With my head on my pillow, the Torment Express picks up steam and careens through the furthest corners of my mind. How did I get this fracking disease and could I have done anything to stop it? Is this retribution for some forgotten sin, or am I a merely the victim of a simple but cruel twist of fate? If I'd made different choices, if I'd only caught that missed train, or had stayed in Boston, or somehow stayed true to my youthful dreams and ambitions, could I somehow have avoided this ghastly withering, this slowly watching myself lose me inch by inch and limb by limb?
Where would I be this very moment had I not taken ill? That career that I'd built so steadily, despite my struggles with selling out and my battles with the twin fears of success and failure, only to have the mountain crumble beneath me as I approached the summit of real triumph, where might that have led me? At the very precipice of the next level, I was pushed to the sidelines and forced to watch as others scrambled over the foundations I had built.
My God, the time I wasted, the days and weeks and months and years when I was healthy and had the world at my feet, but kept myself bound and gagged with fears and insecurities, bad habits and stupidity, with envy and jealousy and pride and conceit, turning the infinite possibilities of each and every glorious day into a self-imposed prison of preconceptions and misguided expectations and the absolute folly of self-righteous suffering. That time so precious, so delicate, so priceless, time that slipped away without my making even the slightest effort to catch it, blind to the approaching maelstrom that crouched waiting, just beyond the bend. All of the irreplaceable people and experiences and moments that I took for granted, which no amount of wishing or hoping or wailing can ever recover. Gone for good, consigned only to that box marked "memories"...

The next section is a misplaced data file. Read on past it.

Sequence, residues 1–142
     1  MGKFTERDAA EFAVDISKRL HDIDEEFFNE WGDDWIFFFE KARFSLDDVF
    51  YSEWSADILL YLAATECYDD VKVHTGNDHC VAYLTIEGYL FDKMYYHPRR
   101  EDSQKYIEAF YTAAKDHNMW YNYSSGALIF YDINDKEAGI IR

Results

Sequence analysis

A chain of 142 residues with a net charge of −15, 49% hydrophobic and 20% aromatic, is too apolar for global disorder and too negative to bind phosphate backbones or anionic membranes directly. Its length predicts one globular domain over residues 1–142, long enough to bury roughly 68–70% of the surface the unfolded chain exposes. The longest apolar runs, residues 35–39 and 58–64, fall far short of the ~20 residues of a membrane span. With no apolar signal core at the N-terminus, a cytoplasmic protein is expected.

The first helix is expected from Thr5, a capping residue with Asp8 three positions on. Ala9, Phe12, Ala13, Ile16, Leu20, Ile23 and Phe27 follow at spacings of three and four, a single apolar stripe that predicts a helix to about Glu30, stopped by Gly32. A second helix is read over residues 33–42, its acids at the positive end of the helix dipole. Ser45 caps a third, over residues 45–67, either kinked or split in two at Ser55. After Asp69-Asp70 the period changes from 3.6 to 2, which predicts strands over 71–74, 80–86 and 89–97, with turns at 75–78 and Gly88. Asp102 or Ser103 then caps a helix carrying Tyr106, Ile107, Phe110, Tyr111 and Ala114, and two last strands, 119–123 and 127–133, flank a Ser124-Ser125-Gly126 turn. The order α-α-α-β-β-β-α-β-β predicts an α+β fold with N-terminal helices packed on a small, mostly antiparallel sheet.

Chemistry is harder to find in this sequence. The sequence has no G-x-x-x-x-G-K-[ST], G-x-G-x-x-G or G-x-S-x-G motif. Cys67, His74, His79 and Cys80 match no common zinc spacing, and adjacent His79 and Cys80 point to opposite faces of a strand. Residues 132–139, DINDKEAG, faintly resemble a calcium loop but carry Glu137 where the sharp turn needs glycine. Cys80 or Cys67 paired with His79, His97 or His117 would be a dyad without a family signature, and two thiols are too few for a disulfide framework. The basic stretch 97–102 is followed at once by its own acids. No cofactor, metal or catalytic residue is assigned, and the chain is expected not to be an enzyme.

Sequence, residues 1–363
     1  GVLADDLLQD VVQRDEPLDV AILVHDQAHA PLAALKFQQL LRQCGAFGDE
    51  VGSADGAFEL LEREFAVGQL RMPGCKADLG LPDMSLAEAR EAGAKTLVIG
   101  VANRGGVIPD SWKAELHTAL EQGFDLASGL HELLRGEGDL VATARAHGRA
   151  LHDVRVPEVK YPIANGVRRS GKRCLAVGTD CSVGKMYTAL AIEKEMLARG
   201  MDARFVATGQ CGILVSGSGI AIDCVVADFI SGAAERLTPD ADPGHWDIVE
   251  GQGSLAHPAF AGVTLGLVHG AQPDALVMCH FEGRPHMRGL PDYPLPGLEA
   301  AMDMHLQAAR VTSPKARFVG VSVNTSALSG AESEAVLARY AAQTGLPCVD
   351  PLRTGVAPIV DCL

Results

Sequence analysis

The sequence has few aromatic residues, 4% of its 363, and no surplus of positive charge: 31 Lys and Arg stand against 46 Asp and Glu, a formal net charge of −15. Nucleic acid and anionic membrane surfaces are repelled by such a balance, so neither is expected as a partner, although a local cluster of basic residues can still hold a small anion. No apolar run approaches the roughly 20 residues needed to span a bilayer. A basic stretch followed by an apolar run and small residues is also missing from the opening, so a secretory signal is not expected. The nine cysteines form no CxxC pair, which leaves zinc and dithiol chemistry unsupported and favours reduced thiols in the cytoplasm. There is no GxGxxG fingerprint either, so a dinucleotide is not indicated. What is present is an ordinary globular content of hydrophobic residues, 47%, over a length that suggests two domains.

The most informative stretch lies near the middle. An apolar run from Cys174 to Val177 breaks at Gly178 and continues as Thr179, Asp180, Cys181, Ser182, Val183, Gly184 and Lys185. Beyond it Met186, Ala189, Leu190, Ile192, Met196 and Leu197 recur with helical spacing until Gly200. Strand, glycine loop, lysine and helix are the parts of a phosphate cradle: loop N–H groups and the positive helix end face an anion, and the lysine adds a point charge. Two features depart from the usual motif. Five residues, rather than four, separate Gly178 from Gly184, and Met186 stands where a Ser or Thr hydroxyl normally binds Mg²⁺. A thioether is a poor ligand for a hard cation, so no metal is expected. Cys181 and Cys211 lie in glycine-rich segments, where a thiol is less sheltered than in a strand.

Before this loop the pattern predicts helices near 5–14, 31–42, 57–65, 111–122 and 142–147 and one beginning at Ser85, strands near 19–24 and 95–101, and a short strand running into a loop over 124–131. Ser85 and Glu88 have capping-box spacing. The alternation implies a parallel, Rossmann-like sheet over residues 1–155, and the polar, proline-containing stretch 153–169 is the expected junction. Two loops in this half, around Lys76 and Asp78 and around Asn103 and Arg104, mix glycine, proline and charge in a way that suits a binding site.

And what of all the treatments I've undergone, and all of the doctors I've seen, every one of which has failed me completely, and some of which have left me worse off than when I began? How much damage have they done that has yet to reveal itself, these powerful poisons that I've taken even whose manufacturers cannot say exactly what they do? Is there some missing piece to my puzzle, some missed clue or overlooked anomaly that might decipher this disease that has left some of the best minds in medicine puzzled? Is it too late to alter the ugly endpoint of this disease, or might I still have a chance, a tiny chance at finding my way through this thing, to the other side?